Transcriptional regulation by KAP1. A, KAP1 can repress transcription when recruited to promoters by a Gal4 DBD-KRAB fusion protein. Before binding of KAP1, the promoter is bound by RNA polymerase II (RNA Pol II) and by active chromatin marks such as ...

The artificial recruitment experiments clearly demonstrate that KAP1 can influence transcriptional activity in reporter assays. However, whether KAP1 regulates the expression of endogenous cellular genes is less clear. Most cellular promoters bound by KAP1 are not bound by SETDB1 or H3K9me3 (46, 64). However, KAP1 may use alternative methods, perhaps changes in histone acetylation (30), to regulate transcription at cellular promoters. For example, two complexes, one containing KAP1, MM1, and Myc and another containing KAP1 and ZNF160, have been shown to repress transcription from cellular promoters in an HDAC-dependent manner in specific cell types (59, 70). Also, KAP1 can interact with STAT3 (57, 71), and reduction of KAP1 levels results in modest increases in the levels of several STAT3-regulated cellular RNAs. However, the mechanism by which KAP1 mediates these effects is not known. No studies were performed to examine KAP1 occupancy of the regulated promoters; therefore, it is not known if KAP1 directly binds to these promoters. In fact, evidence was presented that KAP1 influences the subnuclear localization of STAT3, suggesting that the effects of KAP1 may have been through protein-protein interactions that occur off the DNA. KAP1 can also bind to the E2F1 protein, and ChIP assays showed KAP1 and E2F1 binding at an E2F target promoter (56). However, it was only in the presence of overexpressed proteins that binding of KAP1 could be detected on the target promoter; further studies in which additional promoters are analyzed are required to address the possibility that E2F1 may recruit KAP1 to the genome. Interestingly, KAP1 seemed to increase the interaction of E2F1 with HDAC1 and to decrease the acetylation on the E2F1 protein, suggesting that KAP1 may affect the regulation of E2F target genes by decreasing the activity of the E2F1 protein.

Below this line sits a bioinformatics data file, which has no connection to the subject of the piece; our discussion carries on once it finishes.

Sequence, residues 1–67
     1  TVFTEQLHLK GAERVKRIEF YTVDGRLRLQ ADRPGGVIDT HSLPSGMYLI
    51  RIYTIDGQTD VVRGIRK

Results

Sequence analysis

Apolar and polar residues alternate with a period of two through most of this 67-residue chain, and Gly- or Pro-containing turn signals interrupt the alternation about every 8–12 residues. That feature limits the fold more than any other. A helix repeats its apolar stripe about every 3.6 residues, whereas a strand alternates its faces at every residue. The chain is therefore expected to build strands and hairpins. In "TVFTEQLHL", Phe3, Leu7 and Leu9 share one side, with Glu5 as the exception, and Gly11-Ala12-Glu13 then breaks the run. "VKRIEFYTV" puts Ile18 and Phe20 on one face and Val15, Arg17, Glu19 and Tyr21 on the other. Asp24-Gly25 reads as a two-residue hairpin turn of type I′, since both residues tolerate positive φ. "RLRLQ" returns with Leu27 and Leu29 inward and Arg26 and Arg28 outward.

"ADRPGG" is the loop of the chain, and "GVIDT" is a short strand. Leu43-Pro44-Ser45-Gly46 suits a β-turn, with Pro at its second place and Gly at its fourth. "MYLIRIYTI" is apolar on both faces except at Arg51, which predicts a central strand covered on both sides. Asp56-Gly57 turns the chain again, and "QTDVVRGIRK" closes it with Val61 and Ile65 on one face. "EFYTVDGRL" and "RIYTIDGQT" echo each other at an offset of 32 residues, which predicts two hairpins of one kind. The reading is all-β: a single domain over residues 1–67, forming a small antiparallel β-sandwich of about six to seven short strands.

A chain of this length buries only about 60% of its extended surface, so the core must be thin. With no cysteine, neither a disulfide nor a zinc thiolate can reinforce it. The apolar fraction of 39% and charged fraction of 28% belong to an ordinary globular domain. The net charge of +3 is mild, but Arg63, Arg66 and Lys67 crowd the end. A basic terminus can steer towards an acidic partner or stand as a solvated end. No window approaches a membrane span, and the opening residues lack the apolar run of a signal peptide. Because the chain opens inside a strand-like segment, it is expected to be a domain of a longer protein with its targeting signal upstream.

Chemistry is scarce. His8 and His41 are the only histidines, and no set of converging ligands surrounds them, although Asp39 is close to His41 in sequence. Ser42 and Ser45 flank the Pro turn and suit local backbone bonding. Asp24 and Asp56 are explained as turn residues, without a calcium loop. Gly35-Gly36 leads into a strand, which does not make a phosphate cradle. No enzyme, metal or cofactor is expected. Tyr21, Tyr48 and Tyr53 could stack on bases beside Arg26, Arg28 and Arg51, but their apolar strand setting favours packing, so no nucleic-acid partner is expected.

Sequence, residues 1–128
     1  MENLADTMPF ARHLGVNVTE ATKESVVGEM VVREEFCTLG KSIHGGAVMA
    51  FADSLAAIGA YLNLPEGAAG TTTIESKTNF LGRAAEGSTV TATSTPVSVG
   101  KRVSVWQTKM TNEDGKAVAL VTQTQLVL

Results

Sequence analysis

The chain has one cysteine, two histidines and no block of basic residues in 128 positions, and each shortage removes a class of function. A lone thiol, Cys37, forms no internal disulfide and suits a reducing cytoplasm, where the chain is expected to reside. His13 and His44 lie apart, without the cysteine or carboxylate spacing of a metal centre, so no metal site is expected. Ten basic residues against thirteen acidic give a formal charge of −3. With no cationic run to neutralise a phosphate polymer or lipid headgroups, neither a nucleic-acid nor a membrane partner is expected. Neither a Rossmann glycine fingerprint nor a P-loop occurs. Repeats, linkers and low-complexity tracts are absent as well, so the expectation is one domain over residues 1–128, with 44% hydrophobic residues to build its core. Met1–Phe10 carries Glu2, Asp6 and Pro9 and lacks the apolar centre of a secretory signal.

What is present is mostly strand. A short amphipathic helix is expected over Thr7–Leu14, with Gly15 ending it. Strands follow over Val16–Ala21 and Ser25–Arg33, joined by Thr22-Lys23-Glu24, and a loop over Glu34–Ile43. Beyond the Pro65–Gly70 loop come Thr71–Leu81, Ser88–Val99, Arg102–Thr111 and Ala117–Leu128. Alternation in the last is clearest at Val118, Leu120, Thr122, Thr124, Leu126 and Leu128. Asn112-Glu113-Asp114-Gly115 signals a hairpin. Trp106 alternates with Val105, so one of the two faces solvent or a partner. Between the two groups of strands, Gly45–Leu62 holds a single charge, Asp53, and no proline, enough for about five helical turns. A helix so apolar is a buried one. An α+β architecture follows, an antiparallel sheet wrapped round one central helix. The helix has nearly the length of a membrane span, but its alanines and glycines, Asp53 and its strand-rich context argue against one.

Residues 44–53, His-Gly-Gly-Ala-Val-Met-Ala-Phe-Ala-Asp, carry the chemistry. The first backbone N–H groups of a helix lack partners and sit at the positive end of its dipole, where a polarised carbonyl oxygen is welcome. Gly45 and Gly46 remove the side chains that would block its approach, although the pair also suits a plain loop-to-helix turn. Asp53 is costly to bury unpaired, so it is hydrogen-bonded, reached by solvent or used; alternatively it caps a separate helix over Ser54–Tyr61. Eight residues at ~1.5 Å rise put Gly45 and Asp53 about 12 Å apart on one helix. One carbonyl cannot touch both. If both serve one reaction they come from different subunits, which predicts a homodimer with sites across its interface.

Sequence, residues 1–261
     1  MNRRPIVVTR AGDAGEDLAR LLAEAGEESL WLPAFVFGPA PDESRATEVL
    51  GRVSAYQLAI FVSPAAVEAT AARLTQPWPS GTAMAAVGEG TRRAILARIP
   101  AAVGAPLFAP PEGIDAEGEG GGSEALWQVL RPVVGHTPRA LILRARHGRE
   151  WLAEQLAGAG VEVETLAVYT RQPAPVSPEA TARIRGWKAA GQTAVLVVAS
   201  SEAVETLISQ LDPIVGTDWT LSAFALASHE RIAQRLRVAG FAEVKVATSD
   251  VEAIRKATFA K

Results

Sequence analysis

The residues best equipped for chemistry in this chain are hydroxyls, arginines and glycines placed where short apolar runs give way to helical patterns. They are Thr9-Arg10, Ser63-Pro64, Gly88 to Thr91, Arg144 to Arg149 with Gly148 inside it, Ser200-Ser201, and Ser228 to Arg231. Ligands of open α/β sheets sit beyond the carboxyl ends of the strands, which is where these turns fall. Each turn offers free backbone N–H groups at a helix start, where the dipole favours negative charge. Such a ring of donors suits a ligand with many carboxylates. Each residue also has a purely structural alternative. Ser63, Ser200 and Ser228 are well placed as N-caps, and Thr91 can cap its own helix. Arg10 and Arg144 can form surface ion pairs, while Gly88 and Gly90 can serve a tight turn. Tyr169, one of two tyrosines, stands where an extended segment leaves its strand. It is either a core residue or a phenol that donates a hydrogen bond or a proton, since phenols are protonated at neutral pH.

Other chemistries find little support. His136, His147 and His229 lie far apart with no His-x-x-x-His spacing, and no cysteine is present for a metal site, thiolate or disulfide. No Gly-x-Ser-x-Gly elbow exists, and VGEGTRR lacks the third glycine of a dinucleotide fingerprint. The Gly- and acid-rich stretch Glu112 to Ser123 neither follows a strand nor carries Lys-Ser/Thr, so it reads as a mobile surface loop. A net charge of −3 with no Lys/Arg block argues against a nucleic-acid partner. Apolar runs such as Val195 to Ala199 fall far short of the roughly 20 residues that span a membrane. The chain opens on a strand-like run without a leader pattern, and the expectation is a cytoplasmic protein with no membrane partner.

Most experiments linking KAP1 to regulation of cellular promoters have focused on a small set of genes and address the role of KAP1 in regulating those gene transcripts. Recent ChIP-seq experiments have identified thousands of KAP1-binding sites, and using RNA expression arrays and RNA-seq, it is now possible to address the global effect of KAP1 on transcriptional regulation of its target genes on a genome-wide scale. Because the strongest KAP1-binding sites are the 3′-ends of ZNF genes, one might expect that KAP1 would regulate expression of these genes. Surprisingly, there is no correlation between the level of KAP1 at a ZNF 3′-end and the expression of the ZNF gene; the promoters of the KAP1 ZNF target genes contain the active H3K4me3 and H3K9Ac marks, and the gene bodies are bound by the transcriptional elongation mark of H3K36me3 (Fig. 3B) (72). Also, there is no change in mRNA levels or splicing of KAP1-bound ZNF genes in NTera2 cells upon reduction of KAP1 using shRNAs (64). Thus, the presence of the KAP1-SETDB1-H3K9me3 complex at ZNF 3′-exons does not reduce the levels of transcripts, impede transcriptional elongation, or alter splicing or processing of the mRNAs.5 Although some transcripts show robust changes in expression upon KAP1 knockdown, the majority of the promoters of these genes are not bound by KAP1, suggesting that, in this cell type, the effects of KAP1 on the human transcriptome are mostly indirect (64).

KAP1: Guardian of the Genome

In the KAP1 knockdown experiments described above, only a modest number of genes showed significant changes in RNA levels upon reduction of KAP1. However, we note that KAP1 has been implicated in the repression of endogenous retroviruses (74) and in the regulation of other viruses (75, 76). Interestingly, the loss of KAP1 caused increased expression of endogenous retroviruses in mouse embryonic stem cells but not in mouse embryonic fibroblasts, suggesting that, in certain cell types, KAP1 may not be involved in repressing retroviral transcription or may be functionally redundant with other repressive mechanisms. These findings, coupled with the observations that there are thousands of KAP1-binding sites in the genome but only few cellular genes that respond to loss of KAP1, suggest that a major role of KAP1 may lie outside of transcriptional regulation.

KAP1 has been suggested to regulate apoptosis in a manner independent of its transcriptional activities. KAP1 acts cooperatively with MDM2, a ubiquitin E3 ligase that binds to p53 and marks it for degradation, by recruiting HDAC1 to the MDM2-p53 complex, leading to deacetylation and degradation of p53. Although MDM2 is the major ubiquitin ligase for p53, KAP1 is independently capable of promoting p53 ubiquitination, suggesting that it may encode or recruit a ubiquitin E3 ligase (24). Recently, MAGE proteins, which are highly expressed in various cancers, were shown to be cofactors in KAP1-mediated suppression of p53 activity. MAGE proteins bind to KAP1 and enhance formation of the KAP1-MDM2-p53 complex, leading to suppression of p53-mediated apoptosis and promotion of tumor cell survival (77).